Lord of the Flies Book summary

William Golding



Published by Faber and Faber in 1954, Lord of the Flies was written by William Golding and is considered one of the classics of English literature. The allegorical novel, originally written in English and eventually translated into many other languages, begins like the tale of some adventures that a group of kids embarked. However, their heroic survival stories soon turn into an allegory for human nature. While it was written decades ago, readers still find Lord of the Flies as real and fresh as when it was first published.


Plot Summary

Written by William Golding, Lord of the Flies is an allegory of human nature and shows how human society would collapse on itself if there was a lack of law and order and humans were not subjected to any form of accountability. This is precisely what happens in the story, when a group of British boys find themselves stranded on an island after they are involved in a plane crash. Baffled by the chain of events, the boys try to make sense of the world around them and make attempts to rescue themselves as well as their fellows.

Ralph and Piggy, two friends who later try to lead the group, are walking on the beach and contemplating about what happened. Upon realizing the absence of any adults among the survivors, Ralph and Piggy take it upon themselves to rescue any other children who might have survived the plane crash. Ralph finds a conch shell on the beach that he blows into to sound an alarm in an attempt to gather all the boys. While Ralph believes that a rescue is imminent, other boys argue that it might not be the case and that they need to organize themselves in order to survive in this place. Through an election, the boys choose Ralph to become the leader of the entire group. However, the decision was not unanimous, as a chorus led by Jack Merridew did not vote for Ralph.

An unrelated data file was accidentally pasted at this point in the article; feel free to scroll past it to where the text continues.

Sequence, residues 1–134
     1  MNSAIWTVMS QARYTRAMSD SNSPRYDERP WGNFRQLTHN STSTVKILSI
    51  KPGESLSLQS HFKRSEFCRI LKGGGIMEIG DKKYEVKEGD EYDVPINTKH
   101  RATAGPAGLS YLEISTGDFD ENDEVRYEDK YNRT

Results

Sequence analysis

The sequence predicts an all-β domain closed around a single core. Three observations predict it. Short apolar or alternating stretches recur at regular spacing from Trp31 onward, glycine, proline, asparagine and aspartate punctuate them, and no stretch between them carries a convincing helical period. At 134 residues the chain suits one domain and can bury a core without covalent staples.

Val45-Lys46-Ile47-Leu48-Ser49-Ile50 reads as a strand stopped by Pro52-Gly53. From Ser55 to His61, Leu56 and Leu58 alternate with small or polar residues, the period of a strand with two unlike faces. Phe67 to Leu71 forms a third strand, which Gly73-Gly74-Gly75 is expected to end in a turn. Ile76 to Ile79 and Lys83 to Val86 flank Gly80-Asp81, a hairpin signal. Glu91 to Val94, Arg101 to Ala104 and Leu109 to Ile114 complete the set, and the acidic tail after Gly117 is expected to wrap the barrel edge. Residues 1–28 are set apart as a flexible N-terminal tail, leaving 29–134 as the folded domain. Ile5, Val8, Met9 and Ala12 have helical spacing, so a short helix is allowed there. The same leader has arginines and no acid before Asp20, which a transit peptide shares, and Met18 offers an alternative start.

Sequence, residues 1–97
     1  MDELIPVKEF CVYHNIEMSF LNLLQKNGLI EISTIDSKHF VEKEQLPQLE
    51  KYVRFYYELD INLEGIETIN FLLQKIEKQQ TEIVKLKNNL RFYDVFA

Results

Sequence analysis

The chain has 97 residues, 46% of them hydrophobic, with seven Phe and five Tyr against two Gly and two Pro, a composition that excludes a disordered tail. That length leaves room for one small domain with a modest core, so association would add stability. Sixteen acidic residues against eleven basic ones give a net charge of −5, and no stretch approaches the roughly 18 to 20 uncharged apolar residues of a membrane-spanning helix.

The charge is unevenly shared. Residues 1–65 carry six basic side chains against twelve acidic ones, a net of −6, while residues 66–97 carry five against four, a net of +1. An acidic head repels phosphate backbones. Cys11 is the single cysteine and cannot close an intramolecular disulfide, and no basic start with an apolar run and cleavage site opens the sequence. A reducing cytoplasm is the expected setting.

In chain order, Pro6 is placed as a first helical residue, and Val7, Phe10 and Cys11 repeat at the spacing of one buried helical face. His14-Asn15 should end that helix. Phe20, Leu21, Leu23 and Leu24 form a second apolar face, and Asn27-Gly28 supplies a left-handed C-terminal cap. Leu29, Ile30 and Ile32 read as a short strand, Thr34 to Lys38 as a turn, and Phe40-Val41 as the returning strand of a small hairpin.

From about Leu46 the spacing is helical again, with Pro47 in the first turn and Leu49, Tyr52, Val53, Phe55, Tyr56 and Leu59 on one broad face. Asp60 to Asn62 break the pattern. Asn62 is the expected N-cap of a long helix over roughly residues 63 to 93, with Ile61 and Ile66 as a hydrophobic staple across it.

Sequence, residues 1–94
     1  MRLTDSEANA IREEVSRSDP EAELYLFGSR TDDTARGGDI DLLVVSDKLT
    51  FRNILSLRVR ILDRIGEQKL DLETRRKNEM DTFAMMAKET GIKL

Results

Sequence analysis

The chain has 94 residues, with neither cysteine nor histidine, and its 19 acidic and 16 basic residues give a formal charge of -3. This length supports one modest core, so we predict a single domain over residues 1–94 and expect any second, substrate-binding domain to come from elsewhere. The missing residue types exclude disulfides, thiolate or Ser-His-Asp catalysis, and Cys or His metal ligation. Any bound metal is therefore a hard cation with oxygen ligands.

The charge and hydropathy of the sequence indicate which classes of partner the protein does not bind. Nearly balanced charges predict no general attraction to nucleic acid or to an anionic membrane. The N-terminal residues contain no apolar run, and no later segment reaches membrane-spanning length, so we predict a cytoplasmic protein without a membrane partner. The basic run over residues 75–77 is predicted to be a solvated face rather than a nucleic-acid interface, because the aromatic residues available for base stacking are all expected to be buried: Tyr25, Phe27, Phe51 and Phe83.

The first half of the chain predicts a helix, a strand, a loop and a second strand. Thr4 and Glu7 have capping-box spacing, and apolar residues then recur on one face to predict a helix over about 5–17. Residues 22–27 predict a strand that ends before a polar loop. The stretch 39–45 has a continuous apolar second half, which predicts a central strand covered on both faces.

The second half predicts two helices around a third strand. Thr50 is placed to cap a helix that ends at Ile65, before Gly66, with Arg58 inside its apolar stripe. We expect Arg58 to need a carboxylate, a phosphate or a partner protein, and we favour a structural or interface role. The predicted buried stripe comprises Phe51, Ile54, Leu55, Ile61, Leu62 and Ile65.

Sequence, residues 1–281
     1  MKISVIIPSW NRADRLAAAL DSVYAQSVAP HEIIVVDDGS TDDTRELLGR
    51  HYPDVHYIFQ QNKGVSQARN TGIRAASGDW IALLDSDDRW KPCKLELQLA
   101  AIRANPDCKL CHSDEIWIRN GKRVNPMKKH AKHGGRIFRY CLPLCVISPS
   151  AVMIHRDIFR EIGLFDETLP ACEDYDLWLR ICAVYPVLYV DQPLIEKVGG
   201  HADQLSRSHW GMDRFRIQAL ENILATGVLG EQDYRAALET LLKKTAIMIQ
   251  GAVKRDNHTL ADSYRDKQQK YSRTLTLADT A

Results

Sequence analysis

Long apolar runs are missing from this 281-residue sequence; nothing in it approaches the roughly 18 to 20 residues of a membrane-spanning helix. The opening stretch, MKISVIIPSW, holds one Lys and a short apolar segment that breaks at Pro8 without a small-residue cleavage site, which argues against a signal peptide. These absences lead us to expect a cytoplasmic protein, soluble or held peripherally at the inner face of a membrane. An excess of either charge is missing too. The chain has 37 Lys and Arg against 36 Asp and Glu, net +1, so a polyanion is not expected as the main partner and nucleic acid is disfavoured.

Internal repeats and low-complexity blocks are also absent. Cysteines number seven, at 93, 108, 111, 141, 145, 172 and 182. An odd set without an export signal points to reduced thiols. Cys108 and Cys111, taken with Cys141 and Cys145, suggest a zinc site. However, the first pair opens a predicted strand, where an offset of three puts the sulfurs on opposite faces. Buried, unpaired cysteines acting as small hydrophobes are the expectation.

Nonetheless, Ralph won the majority of votes and immediately established a rough form of government, assigning each boy some form of responsibility as well as allowing them to enjoy their freedom. Ralph asks all of them to work together to ensure their survival and keep a smoking fire going at all times to attract any ships that maybe passing by.

They patrol the island to locate all the sources of food. Simon, another of Ralph's friends, begins overseeing the construction of shelters for some of the younger boys. After a detailed search of the island, the boys conclude that the island is deserted and their only sources of food are a few fruits and berries and a herd of wild pigs. Jack, along with his choir mates, decides to form a hunting party to hunt those wild pigs and cook them for food.

The organization and rough government are short lived, and soon the boys find themselves in disarray. Many of them refuse to do their chores and, instead, spend the entire day playing and sleeping. Moreover, a rumor spreads among the group that there is a blood- and flesh-eating monster residing on the island. While Ralph tries to talk some sense into the boys, Jack insists that the monster is real and that he and his hunting party are going to track it down and kill it. This also helps boost his popularity among the group.